Create a Custom Opengear Firmware Build
Yes, this is complete overkill for the 9-character change that I wanted to make above, and is therefore a silly choice for this particular change. However, I wanted to experiment with custom firmware anyway, and this is certainly one way to achieve the end goal.
As I mentioned in my original overview of the Opengear devices, their devices are built on uClinux and other open source software, and they give you full access to them. This extends to the entire software build that’s installed on the device. There is a downside of course – as you’d expect, once you start fiddling with the firmware, the support you get from Opengear is going to drop significantly as you move to, effectively, an unsupported platform. In all likelihood though, the kind of people who are likely to create their own firmware build are also likely to be advanced enough to support themselves, and Opengear commented that this is exactly how it seems to work out.
I’ll create a separate post going through the exact steps I took to create a new firmware build, but at a high level it involved:
- Creating a VM running Ubuntu Server
- Installing the necessary dev tools and firmware images
- Expanding the file structure containing the alert-email script
- Editing /etc/scripts/alert-email to add the –syslog option
- Running a ‘make’ to create the new firmware image
- Installing the firmware
I don’t want to over-trivialize the steps here, and again the documentation is not quite as hand-holding as I personally needed (!), but in principal this is very cool indeed. I only edited a script, but I could have added more software to the build as well, within the limits of the hardware’s storage, memory and CPU capabilities. So now, custom responses could involve calling software that would not even be on the box by default. How many terminal servers like this can you think of that allow this level of customization?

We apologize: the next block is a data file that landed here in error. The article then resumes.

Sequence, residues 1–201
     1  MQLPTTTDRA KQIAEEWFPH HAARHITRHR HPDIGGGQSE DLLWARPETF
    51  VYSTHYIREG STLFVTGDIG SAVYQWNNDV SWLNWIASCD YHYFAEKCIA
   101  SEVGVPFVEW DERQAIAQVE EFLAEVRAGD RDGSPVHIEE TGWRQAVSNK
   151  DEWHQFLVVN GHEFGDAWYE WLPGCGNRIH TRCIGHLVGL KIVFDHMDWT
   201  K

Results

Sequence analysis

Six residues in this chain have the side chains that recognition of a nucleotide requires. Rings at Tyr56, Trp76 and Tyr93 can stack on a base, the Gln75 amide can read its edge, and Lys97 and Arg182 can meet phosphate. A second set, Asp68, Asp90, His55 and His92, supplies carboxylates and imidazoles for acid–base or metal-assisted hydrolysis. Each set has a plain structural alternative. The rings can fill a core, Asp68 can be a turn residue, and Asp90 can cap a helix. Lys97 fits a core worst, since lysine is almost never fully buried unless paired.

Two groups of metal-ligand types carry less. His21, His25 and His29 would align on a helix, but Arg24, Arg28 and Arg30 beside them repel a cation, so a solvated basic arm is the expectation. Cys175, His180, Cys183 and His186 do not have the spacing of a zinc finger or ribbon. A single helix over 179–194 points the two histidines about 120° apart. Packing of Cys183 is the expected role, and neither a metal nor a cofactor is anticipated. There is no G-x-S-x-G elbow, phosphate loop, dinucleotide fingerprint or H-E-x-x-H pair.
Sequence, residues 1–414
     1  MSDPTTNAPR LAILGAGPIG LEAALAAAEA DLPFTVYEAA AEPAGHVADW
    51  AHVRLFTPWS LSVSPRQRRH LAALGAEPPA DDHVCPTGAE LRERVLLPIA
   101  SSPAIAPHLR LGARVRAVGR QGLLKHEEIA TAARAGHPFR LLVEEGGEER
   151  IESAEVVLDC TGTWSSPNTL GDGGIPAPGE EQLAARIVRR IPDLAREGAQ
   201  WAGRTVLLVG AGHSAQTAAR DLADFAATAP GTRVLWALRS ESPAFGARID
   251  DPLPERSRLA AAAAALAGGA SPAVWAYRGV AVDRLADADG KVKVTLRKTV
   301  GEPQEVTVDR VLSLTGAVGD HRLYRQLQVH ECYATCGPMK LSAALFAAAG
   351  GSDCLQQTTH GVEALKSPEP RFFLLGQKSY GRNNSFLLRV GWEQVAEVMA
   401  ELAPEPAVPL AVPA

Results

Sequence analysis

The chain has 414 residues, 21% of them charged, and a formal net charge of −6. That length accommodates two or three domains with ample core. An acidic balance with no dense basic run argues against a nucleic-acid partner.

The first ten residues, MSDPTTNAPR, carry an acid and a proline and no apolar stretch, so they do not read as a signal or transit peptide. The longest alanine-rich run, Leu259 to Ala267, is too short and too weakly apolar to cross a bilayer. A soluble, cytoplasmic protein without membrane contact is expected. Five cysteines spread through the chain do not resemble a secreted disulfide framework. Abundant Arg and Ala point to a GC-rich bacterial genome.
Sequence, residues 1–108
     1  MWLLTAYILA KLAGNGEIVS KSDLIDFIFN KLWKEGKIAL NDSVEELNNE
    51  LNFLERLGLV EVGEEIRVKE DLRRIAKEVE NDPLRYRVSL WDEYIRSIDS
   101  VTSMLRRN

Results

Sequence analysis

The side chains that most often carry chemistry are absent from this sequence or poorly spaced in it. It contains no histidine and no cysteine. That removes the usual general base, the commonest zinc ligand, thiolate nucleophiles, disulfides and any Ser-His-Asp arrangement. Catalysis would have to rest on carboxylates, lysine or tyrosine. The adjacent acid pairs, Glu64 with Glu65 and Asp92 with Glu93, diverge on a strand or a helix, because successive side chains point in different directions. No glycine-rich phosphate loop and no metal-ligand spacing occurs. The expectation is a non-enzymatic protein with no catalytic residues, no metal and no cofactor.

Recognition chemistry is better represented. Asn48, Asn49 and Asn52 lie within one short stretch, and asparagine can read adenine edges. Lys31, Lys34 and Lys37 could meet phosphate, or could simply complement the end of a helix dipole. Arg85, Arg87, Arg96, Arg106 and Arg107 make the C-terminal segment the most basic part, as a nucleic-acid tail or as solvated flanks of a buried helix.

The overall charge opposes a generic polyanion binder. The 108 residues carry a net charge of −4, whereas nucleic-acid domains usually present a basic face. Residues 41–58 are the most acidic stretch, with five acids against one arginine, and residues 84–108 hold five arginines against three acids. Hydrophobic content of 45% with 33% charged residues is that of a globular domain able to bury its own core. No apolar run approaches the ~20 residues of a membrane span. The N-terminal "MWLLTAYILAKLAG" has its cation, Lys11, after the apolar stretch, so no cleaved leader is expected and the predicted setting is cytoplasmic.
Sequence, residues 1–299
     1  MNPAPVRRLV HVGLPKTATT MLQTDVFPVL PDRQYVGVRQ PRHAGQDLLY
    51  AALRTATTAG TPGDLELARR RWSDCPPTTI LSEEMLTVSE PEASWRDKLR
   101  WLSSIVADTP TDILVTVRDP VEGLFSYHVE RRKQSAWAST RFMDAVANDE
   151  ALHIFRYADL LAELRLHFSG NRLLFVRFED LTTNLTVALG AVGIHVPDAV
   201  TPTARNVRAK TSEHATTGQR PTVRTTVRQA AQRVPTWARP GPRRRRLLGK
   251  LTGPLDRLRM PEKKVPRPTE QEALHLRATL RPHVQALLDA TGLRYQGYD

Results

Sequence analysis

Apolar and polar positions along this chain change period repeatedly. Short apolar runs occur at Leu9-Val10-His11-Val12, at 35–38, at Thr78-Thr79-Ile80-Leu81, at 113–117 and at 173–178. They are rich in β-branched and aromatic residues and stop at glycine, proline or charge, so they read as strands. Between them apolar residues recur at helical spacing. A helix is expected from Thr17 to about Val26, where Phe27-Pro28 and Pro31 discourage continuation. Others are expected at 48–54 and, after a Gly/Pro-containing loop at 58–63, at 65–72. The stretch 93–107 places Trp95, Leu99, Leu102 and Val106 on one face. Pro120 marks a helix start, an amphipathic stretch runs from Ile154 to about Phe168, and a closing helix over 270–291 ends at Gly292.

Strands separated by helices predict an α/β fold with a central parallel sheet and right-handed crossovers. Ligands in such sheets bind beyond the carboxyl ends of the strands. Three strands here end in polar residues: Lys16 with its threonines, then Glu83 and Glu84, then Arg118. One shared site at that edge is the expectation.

After completing the script editing and build process, I uploaded my firmware to the device and it worked perfectly. Now every email send attempt will have a syslog entry generated, which is what I wanted.
When Opengear presented to us at NFD4, they really tried to show us the flexibility of their Advanced Console Management solution, and I think the fact that there are three options available to me just to hack around an email alert is proof of that. I’d try installing software in a custom firmware build, but so far everything I’ve wanted to do has been covered by built-in utilities so I’ve not yet got an excuse.
As I dig deeper, it’s evident that I am barely scraping the surface with what I’m asking of the device so far, and I’m looking forward to seing what I can do with the ACM5004 next. Upcoming posts:
- Building custom firmware
- Trying a custom response script to protect by devices from a user reset
- I’ve started playing with an ACM5004-G-E which has TTL input/output ports on the side for integration with sensor devices. I’m sure something will come from that!
Opengear was a paid presenter at Networking Field Day 4, and while I received no compensation for my attendance at this event, my travel, accommodation and meals were provided. I was explicitly not required or obligated to blog, tweet, or otherwise write about or endorse the sponsors, but if I choose to do so I am free to give my honest opinions about the vendors and their products, whether positive or negative. Opengear provided me with an entry-level console management device (ACM5004-G), and more recently an ACM5004-G-E, both of which I am using as test hardware to create the content for these posts.
Please see my Disclosures page for more information.
Thanks for taking the time to write this.
I just started looking at possibility with custom scripting.
Need to log in to a telnet device when an SMS is received and perform an action. Then send SMS feedback based responses from the telnet server.